“We were actually able to change the budget and not lose revenue in the next month, even with having that many people out,” Petras told SHN.

Real-time data access is one of the many small avenues Fort Wayne, Indiana-based Priority Life Care is growing and evolving in 2023. The company also is improving the infrastructure of its “PLC University” training for staff.

“We brought in a college professor to lead the Priority Life Care University,” Petras said. “PLC University includes monthly corporate training that is on-location that includes different teams like the clinical teams, dietary teams and marketing teams.”

The training sessions consist of two days of training activities followed by a gathering at COO Bobby Petras’ house. “That’s really to drive home the cultural aspect of family that we have.”

About three-fourths of Priority Life Care’s portfolio currently has an occupancy rate of around 75% to 80%, according to Petras. But the year started in a hard way: Strangely, Priority Life Care saw more move-outs in this past January than it had seen in about two years.

On average, PLC residents enter their communities at an average age of 83, about two to three years older than had been the case prior to the pandemic. That means that residents are trending toward a higher acuity level when they walk through the door.

“I talked to a lot of operators who saw similar trends,” Petras said. “The only thing that we could attribute it to is that we had some people who moved in toward the end of the Covid-19 who had maybe wanted a little longer than they normally would have waited to move in.”

Growing with Ventas

Another way Petras is putting the new data platform to use includes watching how Priority Life Care is leasing-up and onboarding its second chunk of communities owned by Ventas.

Priority added seven communities with the real estate investment trust (REIT) at the start of the year. That followed moves in late 2021 when Priority began managing 17 communities previously operated by Eclipse Senior Living for Ventas.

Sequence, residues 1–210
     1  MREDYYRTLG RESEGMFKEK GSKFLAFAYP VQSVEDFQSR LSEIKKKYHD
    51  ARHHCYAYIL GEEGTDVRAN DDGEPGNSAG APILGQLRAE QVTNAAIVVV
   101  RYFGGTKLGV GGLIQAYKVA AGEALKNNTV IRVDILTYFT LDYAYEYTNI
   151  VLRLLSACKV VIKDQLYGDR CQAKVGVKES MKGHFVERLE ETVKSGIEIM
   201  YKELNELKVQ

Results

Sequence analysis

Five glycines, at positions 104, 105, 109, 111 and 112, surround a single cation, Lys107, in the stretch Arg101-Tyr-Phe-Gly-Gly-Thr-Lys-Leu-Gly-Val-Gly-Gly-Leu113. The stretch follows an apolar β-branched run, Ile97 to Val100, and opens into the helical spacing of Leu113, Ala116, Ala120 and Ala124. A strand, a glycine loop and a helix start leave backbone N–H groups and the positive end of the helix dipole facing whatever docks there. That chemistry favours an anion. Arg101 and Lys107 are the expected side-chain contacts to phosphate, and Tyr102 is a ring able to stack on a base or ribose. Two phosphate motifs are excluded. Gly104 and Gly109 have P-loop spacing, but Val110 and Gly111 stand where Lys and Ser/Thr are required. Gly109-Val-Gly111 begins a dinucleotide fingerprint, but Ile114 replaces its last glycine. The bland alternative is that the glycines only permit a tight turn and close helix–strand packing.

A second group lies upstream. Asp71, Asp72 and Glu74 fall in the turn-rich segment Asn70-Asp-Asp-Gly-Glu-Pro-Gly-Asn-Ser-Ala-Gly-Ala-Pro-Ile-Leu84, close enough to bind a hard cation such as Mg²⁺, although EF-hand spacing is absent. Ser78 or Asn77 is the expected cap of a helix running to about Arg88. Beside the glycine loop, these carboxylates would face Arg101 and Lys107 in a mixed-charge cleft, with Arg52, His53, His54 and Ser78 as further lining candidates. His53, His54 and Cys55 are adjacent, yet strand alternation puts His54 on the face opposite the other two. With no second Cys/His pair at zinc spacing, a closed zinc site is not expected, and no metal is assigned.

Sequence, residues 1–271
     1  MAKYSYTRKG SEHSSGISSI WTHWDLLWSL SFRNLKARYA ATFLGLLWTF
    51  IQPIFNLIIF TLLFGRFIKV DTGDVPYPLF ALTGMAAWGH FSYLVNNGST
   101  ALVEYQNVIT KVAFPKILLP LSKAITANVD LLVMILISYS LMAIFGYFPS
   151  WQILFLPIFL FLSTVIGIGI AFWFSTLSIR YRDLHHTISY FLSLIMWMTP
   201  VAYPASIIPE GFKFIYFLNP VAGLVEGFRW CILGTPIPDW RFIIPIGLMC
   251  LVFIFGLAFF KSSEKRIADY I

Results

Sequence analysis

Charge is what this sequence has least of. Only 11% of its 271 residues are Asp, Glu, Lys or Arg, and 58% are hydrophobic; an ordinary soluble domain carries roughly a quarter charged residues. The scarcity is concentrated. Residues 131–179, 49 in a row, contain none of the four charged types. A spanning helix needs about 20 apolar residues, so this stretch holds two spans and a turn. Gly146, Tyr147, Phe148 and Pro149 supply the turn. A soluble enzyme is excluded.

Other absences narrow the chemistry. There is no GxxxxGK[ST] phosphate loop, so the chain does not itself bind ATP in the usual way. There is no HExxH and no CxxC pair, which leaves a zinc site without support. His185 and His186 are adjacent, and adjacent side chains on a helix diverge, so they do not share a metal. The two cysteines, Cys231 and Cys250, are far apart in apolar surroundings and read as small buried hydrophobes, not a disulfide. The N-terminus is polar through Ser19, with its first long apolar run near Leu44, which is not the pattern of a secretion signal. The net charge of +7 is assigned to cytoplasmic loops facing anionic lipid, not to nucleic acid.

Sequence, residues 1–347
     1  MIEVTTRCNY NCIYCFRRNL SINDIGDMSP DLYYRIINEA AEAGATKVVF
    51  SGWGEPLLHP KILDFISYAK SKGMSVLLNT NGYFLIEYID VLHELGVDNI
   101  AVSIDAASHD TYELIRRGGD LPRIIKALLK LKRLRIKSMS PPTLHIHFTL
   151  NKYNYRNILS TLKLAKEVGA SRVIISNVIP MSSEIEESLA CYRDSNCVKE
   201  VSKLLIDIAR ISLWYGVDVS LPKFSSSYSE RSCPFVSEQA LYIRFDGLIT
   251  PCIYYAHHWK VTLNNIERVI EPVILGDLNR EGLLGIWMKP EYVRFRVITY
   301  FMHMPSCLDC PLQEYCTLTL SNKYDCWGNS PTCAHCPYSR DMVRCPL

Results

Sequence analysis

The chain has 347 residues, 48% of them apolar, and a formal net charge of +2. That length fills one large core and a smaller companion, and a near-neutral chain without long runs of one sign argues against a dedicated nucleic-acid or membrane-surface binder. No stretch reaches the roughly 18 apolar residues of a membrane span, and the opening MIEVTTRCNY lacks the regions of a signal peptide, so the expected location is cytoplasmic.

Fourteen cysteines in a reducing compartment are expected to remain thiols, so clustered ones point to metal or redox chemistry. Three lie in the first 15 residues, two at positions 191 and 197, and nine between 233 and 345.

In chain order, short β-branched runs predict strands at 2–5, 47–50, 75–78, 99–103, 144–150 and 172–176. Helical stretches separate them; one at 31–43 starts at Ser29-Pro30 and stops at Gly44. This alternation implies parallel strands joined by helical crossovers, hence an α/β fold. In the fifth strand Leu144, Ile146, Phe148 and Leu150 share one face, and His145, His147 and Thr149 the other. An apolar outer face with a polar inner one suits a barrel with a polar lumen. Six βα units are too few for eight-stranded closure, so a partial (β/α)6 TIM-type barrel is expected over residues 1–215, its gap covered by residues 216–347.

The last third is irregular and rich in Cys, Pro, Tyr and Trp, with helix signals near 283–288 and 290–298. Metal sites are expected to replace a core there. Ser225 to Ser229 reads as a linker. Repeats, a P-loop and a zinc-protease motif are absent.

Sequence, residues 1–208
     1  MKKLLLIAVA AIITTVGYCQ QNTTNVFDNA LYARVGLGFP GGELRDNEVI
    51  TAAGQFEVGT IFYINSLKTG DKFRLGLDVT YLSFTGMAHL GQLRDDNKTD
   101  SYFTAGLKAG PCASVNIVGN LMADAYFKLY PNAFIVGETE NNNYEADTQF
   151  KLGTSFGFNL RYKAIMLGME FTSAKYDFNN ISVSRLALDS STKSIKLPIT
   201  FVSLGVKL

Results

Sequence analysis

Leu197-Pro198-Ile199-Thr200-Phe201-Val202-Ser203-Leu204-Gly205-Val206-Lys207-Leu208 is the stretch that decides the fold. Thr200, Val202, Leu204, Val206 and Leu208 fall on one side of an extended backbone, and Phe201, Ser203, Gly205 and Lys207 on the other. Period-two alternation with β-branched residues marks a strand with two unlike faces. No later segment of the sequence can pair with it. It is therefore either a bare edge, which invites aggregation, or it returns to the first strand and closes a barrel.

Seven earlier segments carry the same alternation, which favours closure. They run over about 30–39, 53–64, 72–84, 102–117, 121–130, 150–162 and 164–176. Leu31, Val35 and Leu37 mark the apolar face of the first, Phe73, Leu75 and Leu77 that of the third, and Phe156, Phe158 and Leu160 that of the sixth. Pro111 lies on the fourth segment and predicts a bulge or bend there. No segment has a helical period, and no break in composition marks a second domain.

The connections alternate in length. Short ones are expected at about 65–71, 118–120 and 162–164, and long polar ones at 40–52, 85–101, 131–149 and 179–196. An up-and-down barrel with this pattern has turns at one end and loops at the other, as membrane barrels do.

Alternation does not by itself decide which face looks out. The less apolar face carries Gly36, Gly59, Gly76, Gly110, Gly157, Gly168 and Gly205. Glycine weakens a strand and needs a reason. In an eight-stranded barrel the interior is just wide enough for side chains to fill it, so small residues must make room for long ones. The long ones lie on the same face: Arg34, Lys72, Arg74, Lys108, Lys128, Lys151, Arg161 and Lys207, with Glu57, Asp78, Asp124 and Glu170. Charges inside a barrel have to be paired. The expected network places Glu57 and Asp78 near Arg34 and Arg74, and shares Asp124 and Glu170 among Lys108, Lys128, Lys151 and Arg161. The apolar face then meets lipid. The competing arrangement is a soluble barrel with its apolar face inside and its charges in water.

Petras cited Ventas’ senior living leader, Justin Hutchens, as one big reason that the operator and the REIT work so well together. Petras believes that Hutchens, executive VP of Senior Housing and Chief Investment Officer with Ventas, is an operator at heart.

“He’s one of us,” Petras said.

Petras said Hutchens and Ventas understand the need to get new capital into buildings, particularly those buildings that for whatever reason need a facelift to remain competitive with potential residents and employees.

The partners started their relationship in 2021 when the REIT transferred operations of a 17-community portfolio to PLC that were previously operated by now-defunct operator Eclipse Senior Living. 

After successfully improving operations at those communities – branded as the Celebration portfolio – the two reconnected with seven additional Celebration communities coming into the PLC family for a total of 26 total Ventas communities. “We’ve improved occupancy about 15% month-over-months in all of our Ventas communities,” Petras told SHN. 

Unlike the first cohort of communities, all of which were located in Pennsylvania, these seven more recent additions are spread out in Indiana, Kentucky, Kansas, Maryland and Pennsylvania.

“You have to look at what the community looks like,” Petras said. “Do you have potholes in your parking lot? Do you have a decent-looking breakroom? If you have a hard time leasing up a building, you are probably having a hard time filling your building with staff too.”